A bead of sweat rolls down the CEO’s forehead as her computer screen flashes red. An alert warns her that IT sensors have detected a cyber-attack against her company.
She and her team have to quickly figure out how to block the attack. The CEO’s mind races. Will the security systems the company put in place keep the criminals at bay? She watches with her executive team as the attackers repeatedly try to penetrate the company’s cyber defenses.
To their relief, each attack comes up on the screen as denied. In a last-ditch effort, the criminals attempt to launch ransomware against the company. The CEO and her team reverse-engineer the malware and defeat their adversaries!
The above scenario can be found in the pages of a recent PricewaterhouseCoopers report on the state of cyber risks and what insurance companies can and should be doing in the face of a growing threat.
By now, after the breaches at Yahoo, Target, AT&T and countless others, the idea of insuring against cyber hacks is old hat, especially among larger companies. Unfortunately, many small and mid-market corporations are still going without.
Cyber criminals, as we all know, are constantly probing for weaknesses and adapting their tactics. Despite the best efforts of experts across all industries, cybercrime remains costly, hard to detect and difficult to combat.
“From an insurance perspective, while analogies are often made with terrorism or catastrophe risks, cyber risk is in many ways a risk like no other,” PwC said.
It’s not hard to see why the buyers of cyber insurance are still predominately larger companies.
Cost is part of the issue. Insurers charge more for cyber coverage compared to other types of liability coverage. They do that in part to cushion some of the uncertainty over losses, but also because there are still a limited number of insurers in the cyber market.
More alarmingly, there’s also the erroneous belief that an attack is no worse than having a website go down for a few hours.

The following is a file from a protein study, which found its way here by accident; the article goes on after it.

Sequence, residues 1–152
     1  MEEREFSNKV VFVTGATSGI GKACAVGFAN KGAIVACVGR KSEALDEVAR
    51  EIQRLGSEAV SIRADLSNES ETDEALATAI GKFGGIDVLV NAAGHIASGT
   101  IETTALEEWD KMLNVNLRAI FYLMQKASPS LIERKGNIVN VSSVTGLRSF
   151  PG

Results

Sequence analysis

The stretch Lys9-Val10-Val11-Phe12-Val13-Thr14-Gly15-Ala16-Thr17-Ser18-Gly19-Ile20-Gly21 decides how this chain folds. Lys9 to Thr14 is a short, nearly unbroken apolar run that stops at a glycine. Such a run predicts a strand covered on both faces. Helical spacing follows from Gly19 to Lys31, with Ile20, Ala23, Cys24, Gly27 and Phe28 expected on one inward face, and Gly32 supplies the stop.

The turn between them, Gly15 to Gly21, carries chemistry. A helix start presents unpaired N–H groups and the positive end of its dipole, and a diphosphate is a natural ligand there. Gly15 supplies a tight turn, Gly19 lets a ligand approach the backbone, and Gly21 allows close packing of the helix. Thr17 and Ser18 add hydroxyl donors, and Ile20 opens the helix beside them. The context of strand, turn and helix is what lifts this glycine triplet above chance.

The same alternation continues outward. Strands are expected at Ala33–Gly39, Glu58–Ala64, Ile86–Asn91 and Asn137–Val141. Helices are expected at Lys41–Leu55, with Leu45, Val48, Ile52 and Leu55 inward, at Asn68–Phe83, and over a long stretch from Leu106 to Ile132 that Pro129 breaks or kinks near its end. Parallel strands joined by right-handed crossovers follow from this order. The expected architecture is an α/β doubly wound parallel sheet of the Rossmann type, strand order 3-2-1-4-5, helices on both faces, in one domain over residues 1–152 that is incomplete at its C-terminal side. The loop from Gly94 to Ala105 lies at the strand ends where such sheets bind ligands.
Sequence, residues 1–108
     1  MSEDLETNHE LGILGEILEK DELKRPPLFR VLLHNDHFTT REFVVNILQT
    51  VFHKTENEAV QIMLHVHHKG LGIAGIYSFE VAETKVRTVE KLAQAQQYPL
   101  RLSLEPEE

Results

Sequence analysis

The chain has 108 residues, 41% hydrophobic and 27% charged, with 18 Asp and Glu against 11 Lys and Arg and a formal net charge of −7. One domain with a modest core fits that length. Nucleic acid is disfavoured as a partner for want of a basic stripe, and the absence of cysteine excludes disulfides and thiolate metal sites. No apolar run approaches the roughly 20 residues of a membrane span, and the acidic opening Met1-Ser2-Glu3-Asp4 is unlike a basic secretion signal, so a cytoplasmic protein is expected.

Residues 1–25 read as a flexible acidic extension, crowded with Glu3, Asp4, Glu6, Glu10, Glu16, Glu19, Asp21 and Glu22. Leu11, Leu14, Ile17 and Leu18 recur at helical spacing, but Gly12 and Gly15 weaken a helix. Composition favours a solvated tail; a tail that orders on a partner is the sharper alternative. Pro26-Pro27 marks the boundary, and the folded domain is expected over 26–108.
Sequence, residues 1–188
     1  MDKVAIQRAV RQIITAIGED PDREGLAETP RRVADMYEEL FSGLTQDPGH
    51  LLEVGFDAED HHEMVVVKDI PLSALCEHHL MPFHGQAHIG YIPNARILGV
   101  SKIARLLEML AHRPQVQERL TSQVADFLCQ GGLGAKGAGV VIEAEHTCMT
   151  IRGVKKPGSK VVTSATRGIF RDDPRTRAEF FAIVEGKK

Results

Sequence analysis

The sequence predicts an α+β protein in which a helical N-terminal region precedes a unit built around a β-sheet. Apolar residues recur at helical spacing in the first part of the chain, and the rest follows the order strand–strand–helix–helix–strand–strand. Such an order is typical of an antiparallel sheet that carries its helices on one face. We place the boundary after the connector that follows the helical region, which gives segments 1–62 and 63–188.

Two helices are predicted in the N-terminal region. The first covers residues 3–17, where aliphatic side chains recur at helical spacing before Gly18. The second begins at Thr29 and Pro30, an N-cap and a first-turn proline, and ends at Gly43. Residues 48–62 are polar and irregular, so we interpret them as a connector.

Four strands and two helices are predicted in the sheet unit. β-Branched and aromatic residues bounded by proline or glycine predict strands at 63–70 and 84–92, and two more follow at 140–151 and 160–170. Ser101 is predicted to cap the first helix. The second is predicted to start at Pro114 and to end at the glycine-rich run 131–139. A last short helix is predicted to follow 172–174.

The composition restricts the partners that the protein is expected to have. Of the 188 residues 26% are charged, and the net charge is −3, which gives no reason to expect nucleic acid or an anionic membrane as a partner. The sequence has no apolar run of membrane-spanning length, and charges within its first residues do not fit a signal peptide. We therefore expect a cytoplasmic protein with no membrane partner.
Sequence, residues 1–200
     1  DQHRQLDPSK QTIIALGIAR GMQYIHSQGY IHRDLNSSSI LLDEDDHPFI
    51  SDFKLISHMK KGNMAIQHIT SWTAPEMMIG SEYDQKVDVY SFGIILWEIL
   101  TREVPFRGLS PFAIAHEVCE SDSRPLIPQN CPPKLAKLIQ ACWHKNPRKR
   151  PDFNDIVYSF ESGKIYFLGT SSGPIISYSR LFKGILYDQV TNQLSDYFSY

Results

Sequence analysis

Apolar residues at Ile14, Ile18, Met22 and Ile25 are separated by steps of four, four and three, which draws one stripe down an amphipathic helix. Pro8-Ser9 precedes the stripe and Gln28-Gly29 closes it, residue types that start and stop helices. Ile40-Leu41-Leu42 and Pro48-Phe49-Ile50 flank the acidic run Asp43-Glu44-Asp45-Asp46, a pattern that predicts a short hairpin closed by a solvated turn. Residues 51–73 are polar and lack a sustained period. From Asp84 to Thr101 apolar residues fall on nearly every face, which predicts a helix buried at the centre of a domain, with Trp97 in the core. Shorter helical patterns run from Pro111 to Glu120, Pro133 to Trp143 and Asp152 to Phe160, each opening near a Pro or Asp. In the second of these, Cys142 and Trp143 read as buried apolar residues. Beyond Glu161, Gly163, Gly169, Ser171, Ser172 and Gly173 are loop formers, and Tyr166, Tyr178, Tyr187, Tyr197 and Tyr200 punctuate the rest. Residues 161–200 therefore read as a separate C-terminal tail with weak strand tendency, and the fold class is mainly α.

Here are a few statistics gathered by PwC that should help put things into sharp relief:
- The average payout from an insurance company for a data breach is $665,000;
- there were nearly 43 million “global security incidents” detected in 2014, the equivalent of more than 100,000 attacks a day;
- 61% of the CEOs interviewed for one of the firm’s global surveys said they saw cyber-attacks as a leading threat to the growth of their business, ranking it higher than changes in consumer behavior, the speed of technological change or supply-chain disruption.
In other words, the problem is big and getting bigger.
We’ve said this before but it bears repeating:
Not all cyber-security insurance policies are created equally, so it pays to be extra careful about what you’re buying.
There are “first-party” and “third-party” risks associated with data breaches and cyber risks. Coverage of first-party risks would include loss of a policyholder’s own data, while third-party coverage addresses liability to clients or government entities.
The better policies allow companies to tap into a built-in network of IT experts, PR firms and “breach coaches” who are experienced in responding to cyber-security matters and whose rates the insurance carrier has already negotiated.
Beyond covering the theft or destruction of confidential information, more robust cyber policies typically also include:
- the costs of client notification and expense of providing credit monitoring services to affected clients;
- the costs associated with restoring, updating, or replacing business assets stored electronically;
- business interruption;
- liability associated with libel, slander, copyright infringement, product disparagement, or reputational damage to others when the breach involves a business website, social media or print media;
- expenses related to cyber-extortion or cyber-terrorism; and coverage for expenses related to regulatory compliance for billing errors.
In today’s world, the idea that a data breach will never happen to you just sounds increasingly naive. Anyone with a bank account can find themselves targeted. Cyber coverage will put you back on your feet and get your company moving again.
Scott Carlson is an Assistant Vice President at CCIG. Let him know if you have questions or concerns. Reach him at ScottC@thinkccig.com or 720-330-7925.